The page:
A bond price moves inversely with yields. When interest rates rise, bond prices decline and vice versa.
Therefore, a bond trader knows that interest rates make a big difference on the value of his bond portfolio.
With the changes in the interest rates that occur, the duration of the bond can be calculated.
Duration is the first derivative of a bond’s price with respect to interest rates.
In simple terms, duration is how long it takes a trader or investor to receive his principal back in interest payments (and/or principal).
In slightly more technical terms, duration is the weighted average of the present value of coupon payments plus the repayment of principal.
Duration is measured in years. If a bond’s duration is 10, then it implicitly means that it would take the investor 10 years to receive his principal back in terms of the stream of income received.
It is also a way to estimate the change in a bond’s price for any given change in the interest rate, although it’s not perfect depending on the convexity of the instrument.
For example, if a bond (or financial asset more generally) has a duration of 10, then a one percentage point change in interest rates would change its price by 10 percent.
If interest rates went down by one percent (or 100bps), then the price of the bond would rise by 10 percent.
If interest rates went up by one percent, then the price of the bond would fall by 10 percent.
This is true for all financial assets. It’s true for equities as well.
The price-earnings ratio (P/E) of the stock market is a crude measure of equity duration. If the P/E of the market is 20, that means a one percentage drop in interest rates might expect to generate a 20 percent rise in stock prices.
Convexity, being the first derivative of duration, measures how duration changes along the yield curve. Accordingly, it’s the second derivative for how the price of a bond moves after a change in interest rates.
Because of the convex nature of the yield curve, using the duration estimate for how a change in interest rates would effect prices becomes less accurate the larger the change in yield.
Convexity helps to approximate the change in price that cannot be adequately explained by duration.
A convexity adjustment will look at the curvature inherent in the price-yield relationship displayed in a yield curve to more accurately assess a price change for a prospective change in interest rates.
A convexity adjustment is often necessary for traders to use when pricing bonds, swaps, swaptions, and other types of derivatives because of the asymmetrical change in the price of a financial security in relation to the change in interest rates of yields.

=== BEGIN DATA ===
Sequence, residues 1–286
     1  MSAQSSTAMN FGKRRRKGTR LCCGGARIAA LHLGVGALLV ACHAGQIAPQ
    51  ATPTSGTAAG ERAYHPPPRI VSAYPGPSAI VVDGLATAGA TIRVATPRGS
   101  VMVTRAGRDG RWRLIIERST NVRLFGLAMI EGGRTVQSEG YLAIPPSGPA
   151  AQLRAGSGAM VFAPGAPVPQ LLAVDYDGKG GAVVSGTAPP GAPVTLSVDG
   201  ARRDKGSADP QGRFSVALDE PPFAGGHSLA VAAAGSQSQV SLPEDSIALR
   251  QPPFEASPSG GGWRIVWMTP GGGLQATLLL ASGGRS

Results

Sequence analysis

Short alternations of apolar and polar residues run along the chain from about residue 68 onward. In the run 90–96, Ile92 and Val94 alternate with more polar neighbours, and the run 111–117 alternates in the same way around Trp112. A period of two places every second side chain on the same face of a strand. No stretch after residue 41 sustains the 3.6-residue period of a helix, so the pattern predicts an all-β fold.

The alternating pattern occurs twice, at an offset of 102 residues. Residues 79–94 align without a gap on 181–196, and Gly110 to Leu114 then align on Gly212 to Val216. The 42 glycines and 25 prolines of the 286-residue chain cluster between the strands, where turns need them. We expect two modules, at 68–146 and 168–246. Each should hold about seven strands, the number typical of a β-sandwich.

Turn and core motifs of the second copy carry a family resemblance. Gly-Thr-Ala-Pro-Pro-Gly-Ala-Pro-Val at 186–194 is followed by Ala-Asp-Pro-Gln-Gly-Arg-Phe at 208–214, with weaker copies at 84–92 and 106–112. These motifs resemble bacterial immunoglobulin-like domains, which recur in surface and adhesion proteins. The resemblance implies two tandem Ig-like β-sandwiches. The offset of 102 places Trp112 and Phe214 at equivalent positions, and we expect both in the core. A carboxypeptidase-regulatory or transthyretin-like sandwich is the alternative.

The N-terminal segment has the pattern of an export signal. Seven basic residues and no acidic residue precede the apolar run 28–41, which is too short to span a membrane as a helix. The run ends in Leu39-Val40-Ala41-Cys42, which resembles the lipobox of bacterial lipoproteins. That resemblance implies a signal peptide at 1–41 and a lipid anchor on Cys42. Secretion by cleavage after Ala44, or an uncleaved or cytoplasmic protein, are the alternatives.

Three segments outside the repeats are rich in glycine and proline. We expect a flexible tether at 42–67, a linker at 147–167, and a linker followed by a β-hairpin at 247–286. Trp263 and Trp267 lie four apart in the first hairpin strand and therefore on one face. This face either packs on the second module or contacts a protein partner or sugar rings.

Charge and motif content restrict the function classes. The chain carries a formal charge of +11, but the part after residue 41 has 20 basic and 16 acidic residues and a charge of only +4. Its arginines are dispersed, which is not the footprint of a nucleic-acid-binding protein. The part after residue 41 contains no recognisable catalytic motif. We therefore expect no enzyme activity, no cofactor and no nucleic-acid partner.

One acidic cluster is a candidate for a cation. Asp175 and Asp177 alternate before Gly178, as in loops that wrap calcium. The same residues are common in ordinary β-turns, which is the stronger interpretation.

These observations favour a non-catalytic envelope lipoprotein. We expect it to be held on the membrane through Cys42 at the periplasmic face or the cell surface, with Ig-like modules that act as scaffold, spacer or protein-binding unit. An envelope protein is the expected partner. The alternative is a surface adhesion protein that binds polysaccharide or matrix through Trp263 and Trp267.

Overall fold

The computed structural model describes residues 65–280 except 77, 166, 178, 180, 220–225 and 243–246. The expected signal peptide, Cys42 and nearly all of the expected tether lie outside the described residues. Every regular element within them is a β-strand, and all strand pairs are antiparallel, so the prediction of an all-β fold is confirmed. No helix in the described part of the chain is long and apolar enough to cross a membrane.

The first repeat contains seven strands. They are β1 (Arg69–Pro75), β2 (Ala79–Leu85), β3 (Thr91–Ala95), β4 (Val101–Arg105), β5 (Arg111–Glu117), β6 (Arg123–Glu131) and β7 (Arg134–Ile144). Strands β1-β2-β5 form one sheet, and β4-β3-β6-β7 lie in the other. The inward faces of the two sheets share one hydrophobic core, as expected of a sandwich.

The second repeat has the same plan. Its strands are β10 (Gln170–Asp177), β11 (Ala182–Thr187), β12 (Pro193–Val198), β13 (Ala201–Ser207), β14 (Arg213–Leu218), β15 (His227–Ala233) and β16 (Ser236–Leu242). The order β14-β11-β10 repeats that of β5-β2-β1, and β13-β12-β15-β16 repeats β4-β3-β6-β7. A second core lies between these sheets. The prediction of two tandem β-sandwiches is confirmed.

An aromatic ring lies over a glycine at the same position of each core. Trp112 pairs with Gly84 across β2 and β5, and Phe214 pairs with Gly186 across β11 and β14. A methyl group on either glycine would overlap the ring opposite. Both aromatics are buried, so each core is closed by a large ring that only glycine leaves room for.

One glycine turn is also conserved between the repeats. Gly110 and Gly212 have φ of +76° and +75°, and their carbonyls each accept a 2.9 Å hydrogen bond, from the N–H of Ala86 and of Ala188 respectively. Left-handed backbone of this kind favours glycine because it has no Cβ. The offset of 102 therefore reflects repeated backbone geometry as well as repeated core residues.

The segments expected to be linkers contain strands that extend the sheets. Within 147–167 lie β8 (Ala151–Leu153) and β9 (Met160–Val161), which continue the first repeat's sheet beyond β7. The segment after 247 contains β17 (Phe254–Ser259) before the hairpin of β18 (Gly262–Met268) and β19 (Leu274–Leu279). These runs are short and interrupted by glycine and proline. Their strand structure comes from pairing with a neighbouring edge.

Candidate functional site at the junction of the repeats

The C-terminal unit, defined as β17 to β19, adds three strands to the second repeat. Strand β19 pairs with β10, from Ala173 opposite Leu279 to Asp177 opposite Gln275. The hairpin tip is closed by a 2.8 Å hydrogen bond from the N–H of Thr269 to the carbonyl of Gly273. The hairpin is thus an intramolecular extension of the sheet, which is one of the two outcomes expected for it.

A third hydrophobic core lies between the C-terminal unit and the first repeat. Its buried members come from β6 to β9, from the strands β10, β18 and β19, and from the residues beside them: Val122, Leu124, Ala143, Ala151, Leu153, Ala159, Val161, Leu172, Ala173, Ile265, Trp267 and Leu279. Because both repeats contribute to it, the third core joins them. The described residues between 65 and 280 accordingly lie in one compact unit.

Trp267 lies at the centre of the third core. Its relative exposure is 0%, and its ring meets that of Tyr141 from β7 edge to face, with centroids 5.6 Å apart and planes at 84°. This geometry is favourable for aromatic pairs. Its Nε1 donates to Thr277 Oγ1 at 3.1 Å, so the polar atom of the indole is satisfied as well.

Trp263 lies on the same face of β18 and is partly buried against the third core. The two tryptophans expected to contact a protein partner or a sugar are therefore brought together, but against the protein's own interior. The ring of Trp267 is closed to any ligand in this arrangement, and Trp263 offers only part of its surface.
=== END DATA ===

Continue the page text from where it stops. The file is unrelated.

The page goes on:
Namely, the percentage increase in the price of a bond for a particular fall in interest rates or yields is always more than the decline in the price for the same increase in rates or yields.
Many factors may influence the convexity of a bond, including its duration, maturity, and coupon payment.
Negative convexity is rare, but it exists in some circumstances and in some particular corners of the bond market.
When convexity is negative that means the shape of a bond’s yield curve is concave.
For example, most mortgage bonds exhibit negative convexity because of refinancing risk.
When interest rates fall, a homeowner who took out a fixed-rate mortgage will likely try to refinance their mortgage to lock in lower monthly payments.
This is good for the borrower.
But it’s riskier for investors in mortgage-backed securities (MBS) because they are holding onto a bond that’s likely to be paid off faster than what they initially believed.
When interest rates fall, the prices of MBS rise less than other bonds of similar maturities. This is because the amount of time that’s expected to elapse between when the security was issued and when it matures has decreased.
As a result, most mortgage bonds have negative convexity.
It’s also true for some callable bonds, which normally have negative convexity at lower yields.
With a callable bond, as interest rates fall, the issuer has the increased incentive to call the bond at par. As a result, its price will not rise as quickly as the price of a bond that isn’t callable.
The price of a callable bond might actually drop if the likelihood of the bond being called increases more than the positive influence falling yields have on price. As a result, when yields shrink, callable bonds typically tend to display negative convexity.